Most of them are about native speakers. I was rather assuming that OP's DD may have spent a short period in another country, rather than being a native speaker or having the other language as a "first language". OP didn't even say it was a language, but I cannot think of any other A-level that someone could reasonably take two years early, except possibly maths.
Good to see that Durham appreciate the work involved, even by a native or near-native speaker, in taking an extra language.
It's clear different course have different policies, so i don' think anyone on here can give you a definitive answer.You would be better contacting the institution.
RandomFriend No it was not a language, it was ICT. Her offer is A*AA, including Maths + another Science and she is doing Maths plus 2 sciences - so if she dipped to a B in one of them, then in theory she might be able to use the ICT A level.
I've done a bit of searching and certainly some universities explicitly state that the 3 qualifying A levels have to have been taken together, but this one (Exeter) doesn't seem to have any statement at all about how they treat it.
DD isn't keen to contact admissions, and says she'll just wait and see on the day. Is the Offer effectively a legal commitment of some kind? In which case presumably they'd have to honour it unless they explicitly say somewhere that it's not accepted?
Ah see what you mean Metacentric but it is confusing because the offer is still conditional as not all of the conditions have been met. If they said she just needed A*A then there might be an assumption that as she already had the A, that only the A* would be needed, which would be incorrect. So whichever way the offer is made it seems it is open to interpretation. The only way to find out is to either ask, or wait and see. As DD won't ask, it's wait and see..
ICT A level.
If they've made the offer based on AAB in maths and two sciences, it would be unlikely that that would accept AAB in maths, a science and ICT anyway, whether completed or not.
So whichever way the offer is made it seems it is open to interpretation
www.telegraph.co.uk/education/universityeducation/9913293/Ucas-application-how-to-reply-to-your-offers.html is written by someone from UCAS.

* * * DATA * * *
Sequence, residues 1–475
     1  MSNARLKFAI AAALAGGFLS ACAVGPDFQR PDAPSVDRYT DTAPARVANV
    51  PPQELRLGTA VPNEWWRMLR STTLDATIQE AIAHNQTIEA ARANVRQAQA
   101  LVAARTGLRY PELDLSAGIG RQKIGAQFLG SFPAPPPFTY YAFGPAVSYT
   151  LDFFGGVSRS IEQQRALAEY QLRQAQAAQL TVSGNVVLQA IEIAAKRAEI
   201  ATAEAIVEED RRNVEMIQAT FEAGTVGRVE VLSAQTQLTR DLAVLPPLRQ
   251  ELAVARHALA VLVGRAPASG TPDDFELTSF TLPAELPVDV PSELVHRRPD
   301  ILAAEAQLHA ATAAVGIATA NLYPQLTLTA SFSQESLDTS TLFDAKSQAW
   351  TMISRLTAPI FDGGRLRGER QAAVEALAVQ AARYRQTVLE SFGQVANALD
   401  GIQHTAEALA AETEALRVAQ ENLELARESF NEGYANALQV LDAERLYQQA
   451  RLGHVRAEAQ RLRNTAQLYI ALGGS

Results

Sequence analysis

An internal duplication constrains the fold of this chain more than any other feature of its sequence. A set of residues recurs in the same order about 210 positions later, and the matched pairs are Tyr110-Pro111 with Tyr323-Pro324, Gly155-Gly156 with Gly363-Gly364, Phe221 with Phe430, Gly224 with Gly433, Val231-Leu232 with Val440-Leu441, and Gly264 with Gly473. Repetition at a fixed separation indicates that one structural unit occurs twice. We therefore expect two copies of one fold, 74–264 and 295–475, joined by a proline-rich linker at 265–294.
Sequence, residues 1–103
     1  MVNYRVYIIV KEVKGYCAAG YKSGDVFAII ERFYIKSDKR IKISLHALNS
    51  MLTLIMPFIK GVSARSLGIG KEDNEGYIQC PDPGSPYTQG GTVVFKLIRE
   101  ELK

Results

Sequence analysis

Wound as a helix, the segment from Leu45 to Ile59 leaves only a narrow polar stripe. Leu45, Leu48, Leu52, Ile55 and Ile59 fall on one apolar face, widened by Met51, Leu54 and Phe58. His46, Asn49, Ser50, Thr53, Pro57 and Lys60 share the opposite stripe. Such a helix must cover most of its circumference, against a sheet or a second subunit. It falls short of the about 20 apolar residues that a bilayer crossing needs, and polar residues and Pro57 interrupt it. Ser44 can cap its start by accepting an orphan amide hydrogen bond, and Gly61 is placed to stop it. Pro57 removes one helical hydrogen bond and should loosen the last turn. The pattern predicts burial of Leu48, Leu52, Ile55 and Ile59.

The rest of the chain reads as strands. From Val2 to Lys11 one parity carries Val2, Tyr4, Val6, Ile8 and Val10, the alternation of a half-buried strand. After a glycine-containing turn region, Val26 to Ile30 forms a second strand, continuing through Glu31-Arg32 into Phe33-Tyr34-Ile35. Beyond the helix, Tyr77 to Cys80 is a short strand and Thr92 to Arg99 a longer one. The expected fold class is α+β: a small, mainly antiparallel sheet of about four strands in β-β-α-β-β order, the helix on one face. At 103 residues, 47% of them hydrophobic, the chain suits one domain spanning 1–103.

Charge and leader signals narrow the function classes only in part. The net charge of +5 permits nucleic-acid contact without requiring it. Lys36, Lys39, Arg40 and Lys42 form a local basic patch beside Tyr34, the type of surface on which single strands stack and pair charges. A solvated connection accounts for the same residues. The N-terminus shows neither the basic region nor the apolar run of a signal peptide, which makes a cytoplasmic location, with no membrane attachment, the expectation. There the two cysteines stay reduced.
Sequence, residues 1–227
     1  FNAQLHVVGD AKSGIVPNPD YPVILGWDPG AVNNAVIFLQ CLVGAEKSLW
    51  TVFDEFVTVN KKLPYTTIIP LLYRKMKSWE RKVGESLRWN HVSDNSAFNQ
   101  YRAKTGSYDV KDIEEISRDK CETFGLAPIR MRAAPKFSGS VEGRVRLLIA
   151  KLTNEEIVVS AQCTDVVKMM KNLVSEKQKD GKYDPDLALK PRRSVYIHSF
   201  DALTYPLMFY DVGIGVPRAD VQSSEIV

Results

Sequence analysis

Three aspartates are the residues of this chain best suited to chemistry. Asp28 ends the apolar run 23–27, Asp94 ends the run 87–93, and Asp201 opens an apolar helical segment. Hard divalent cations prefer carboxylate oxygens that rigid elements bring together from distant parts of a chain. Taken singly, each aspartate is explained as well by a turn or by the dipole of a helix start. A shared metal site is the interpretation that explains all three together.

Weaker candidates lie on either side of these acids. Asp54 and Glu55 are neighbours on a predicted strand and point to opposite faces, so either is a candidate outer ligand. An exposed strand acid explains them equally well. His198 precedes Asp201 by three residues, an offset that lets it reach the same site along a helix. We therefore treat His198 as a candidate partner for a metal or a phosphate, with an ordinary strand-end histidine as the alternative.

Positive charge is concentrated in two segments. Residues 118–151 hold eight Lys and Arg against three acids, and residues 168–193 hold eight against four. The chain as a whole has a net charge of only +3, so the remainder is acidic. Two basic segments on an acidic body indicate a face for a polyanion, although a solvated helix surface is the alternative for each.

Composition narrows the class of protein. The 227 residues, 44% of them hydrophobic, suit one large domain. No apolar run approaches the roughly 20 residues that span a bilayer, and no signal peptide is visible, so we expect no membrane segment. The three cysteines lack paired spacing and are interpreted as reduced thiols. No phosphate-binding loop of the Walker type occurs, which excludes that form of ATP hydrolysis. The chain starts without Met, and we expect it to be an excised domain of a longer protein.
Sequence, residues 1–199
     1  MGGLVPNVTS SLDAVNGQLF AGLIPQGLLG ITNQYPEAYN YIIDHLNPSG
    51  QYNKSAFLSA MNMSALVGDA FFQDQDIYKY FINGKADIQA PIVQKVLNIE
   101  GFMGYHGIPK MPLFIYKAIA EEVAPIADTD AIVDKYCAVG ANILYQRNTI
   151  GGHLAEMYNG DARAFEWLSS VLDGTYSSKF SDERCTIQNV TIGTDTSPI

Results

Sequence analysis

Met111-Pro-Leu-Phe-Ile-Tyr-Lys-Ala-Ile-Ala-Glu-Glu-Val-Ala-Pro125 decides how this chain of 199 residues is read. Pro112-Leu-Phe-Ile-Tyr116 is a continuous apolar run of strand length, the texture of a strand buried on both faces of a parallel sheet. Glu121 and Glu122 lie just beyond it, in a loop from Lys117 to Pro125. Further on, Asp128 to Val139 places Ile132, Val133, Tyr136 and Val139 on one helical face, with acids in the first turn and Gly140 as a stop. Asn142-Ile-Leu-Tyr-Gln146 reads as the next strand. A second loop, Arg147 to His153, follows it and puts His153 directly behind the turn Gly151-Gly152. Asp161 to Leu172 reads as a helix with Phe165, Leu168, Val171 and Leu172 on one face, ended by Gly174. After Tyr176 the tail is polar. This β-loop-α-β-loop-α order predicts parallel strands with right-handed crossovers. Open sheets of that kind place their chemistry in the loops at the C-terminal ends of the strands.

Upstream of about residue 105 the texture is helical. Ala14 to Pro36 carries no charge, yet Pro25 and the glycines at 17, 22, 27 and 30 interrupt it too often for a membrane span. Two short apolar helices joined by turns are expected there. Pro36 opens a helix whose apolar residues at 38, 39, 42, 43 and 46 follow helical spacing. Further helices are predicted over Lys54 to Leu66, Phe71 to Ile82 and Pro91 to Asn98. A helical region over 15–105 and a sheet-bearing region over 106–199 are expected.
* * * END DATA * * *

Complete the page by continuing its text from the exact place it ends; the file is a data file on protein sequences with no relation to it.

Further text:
"A conditional offer means that the university or college will offer you a place if you meet certain conditions, which are usually based on your exams. You may be asked to achieve certain grades in the qualifications you’re currently taking, or the offer may say that you need a certain number of Ucas Tariff points."
The offer they've made is A*AA to include Maths and one Science. DD is taking Maths plus 2 sciences, and so if she got the A* in Maths and an A in one Science she would meet that specific requirement, but if she then got a B in the second Science would not make her offer unless the ICT counted.
Thanks for the link to the telegraph article - and yes it does seem that the default assumption is that offers will be for exams currently being taken, however it adds doubt by saying "you may be asked to achieve certain grades in the qualification you're currently taking" so it seems to be an example rather than an explicit definition.
I did look on the UCAS site for something definitive but haven't found anything yet.
Thanks for all the info though, it is interesting, and am hoping DD gets her offer so that the ICT is irrelevant. Slightly more pressure as her Reserve unfortunately has the same offer, and that university also doesn't seem to mention it anywhere.
Her offer is A*AA, including Maths + another Science and she is doing Maths plus 2 sciences - so if she dipped to a B in one of them, then in theory she might be able to use the ICT A level.
If she does get A*,A,B, then I think you would have a very strong case to argue that she meets the offer with her A*,A and A in ICT.
It may even be confirmed automatically through UCAS, whereas another student achieving A*AB against an A*AA offer would get reviewed by the admissions team and may still get their offer confirmed.
Hope it all works out tomorrow, OP.
Thank you, and it has turned out not to matter as she got A*AA anyway, without needing to use the ICT.